How journalism changed America

For more than 300 years, investigative journalism has been a driving force in the American reform tradition.
Now a collection of these articles has been assembled by a Knight-Ridder editor and a New York University journalism professor.
In Muckraking: The Journalism That Changed America, Judith and William Serrin include passionately written material published from mid-1700 to today.
Although the term “muckraking” was coined to describe shameful conduct, the authors say it should be an accolade. They agree with the famous saying that “The job of a journalist is to comfort the afflicted and afflict the comfortable.”
The book is divided into 13 sections, including those on the poor, politics, America at war, railroads, and oil.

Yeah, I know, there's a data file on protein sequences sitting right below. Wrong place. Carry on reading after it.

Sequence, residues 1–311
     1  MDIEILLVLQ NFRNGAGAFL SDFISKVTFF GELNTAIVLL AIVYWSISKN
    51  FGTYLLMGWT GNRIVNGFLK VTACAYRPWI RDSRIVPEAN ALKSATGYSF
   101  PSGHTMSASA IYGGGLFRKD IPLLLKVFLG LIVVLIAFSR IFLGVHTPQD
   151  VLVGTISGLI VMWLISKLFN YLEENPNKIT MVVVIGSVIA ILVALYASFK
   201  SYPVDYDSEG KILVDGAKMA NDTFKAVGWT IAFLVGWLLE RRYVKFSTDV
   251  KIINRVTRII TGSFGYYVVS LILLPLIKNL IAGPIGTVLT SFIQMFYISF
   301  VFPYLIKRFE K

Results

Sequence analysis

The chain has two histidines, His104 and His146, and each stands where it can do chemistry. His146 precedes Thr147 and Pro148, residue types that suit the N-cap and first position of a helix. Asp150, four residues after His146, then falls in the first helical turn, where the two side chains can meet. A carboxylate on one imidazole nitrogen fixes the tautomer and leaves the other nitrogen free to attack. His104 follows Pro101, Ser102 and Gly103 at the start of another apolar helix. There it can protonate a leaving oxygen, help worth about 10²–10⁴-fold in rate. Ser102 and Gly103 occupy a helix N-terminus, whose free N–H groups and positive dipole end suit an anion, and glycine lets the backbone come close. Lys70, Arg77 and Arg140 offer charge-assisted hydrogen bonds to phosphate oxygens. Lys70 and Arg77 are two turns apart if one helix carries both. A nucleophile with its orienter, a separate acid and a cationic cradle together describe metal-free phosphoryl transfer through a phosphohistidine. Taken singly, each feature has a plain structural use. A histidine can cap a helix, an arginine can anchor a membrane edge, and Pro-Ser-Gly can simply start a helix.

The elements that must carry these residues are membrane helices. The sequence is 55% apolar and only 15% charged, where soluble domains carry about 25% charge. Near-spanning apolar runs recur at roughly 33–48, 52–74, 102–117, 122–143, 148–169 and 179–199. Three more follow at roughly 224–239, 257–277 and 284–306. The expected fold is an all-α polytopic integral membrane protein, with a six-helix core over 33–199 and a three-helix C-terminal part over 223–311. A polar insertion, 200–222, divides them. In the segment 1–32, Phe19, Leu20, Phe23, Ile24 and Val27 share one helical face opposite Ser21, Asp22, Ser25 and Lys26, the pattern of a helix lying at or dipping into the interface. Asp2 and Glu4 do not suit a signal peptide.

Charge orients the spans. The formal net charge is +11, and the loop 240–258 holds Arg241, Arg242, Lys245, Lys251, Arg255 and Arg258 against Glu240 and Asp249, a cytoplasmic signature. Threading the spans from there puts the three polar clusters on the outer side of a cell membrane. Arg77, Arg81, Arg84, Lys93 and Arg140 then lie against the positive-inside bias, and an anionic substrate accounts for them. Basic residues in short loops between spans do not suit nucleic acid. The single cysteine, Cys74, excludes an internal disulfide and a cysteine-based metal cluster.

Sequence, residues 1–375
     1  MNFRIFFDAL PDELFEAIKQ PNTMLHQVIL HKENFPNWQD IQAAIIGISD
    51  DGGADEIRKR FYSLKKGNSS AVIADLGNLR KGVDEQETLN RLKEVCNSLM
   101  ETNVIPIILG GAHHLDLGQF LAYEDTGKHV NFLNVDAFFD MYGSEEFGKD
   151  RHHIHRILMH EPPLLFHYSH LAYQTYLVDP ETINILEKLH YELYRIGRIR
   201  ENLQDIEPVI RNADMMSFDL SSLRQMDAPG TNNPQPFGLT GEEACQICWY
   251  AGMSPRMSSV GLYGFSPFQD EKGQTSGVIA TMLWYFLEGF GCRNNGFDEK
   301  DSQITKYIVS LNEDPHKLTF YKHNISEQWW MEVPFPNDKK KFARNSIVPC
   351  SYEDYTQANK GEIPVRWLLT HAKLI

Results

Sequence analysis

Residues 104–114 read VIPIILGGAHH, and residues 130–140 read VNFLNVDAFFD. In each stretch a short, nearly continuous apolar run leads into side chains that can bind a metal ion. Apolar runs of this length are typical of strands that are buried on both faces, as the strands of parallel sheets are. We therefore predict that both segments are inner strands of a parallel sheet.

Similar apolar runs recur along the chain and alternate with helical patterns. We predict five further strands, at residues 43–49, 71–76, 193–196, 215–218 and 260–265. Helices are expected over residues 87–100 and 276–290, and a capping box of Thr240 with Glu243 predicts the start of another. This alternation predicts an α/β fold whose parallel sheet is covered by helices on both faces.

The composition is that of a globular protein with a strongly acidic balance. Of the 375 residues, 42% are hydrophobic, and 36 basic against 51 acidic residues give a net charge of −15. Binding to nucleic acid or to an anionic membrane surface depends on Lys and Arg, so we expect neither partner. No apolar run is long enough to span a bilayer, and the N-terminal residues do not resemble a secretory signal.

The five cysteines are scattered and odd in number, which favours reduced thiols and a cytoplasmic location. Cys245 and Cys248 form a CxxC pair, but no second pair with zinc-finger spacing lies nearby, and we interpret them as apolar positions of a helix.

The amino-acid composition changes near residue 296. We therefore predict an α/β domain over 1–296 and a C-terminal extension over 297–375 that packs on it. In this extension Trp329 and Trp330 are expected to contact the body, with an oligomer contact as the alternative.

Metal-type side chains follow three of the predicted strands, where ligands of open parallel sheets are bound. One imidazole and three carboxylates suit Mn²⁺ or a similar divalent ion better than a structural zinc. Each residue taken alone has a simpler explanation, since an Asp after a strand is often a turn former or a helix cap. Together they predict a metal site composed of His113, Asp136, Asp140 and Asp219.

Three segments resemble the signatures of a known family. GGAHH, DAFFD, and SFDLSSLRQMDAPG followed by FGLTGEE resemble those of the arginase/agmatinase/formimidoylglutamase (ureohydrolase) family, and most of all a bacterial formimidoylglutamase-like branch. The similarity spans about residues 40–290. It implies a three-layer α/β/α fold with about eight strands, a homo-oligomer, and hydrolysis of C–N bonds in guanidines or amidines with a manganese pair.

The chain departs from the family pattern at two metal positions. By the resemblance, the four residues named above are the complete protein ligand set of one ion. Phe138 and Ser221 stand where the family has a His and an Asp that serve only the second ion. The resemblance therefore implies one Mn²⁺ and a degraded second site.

In the early years of American history, journalists such as Frederick Douglass rallied public opinion to end slavery. In the same era, Edwin Markham pushed child-labor reform laws.
There is one of the Watergate articles by Carl Bernstein and Bob Woodward. Among other well-known reporters are John Steinbeck, Drew Pearson, Edward R. Murrow, Nellie Bly, Lincoln Steffens, and David Halberstam.
The interesting stories include that of Robert S. Abbott. He founded the Chicago Defender in 1905 with 25 cents in capital and a borrowed card table. Within 10 years, it became the most important black newspaper in the country. Heurged Southern blacks to move north.
Some of the important material came from smaller publications such as the National Catholic Reporter, a weekly; McClure’s; The Grand Forks (N.D.) Herald; Jewish Frontier; and Harpers.
These reporting gems show how strong American journalism can be.

Muckraking! The Journalism That Changed America edited by Judith and William Serrin, New Press, 392 pages, $25.

 

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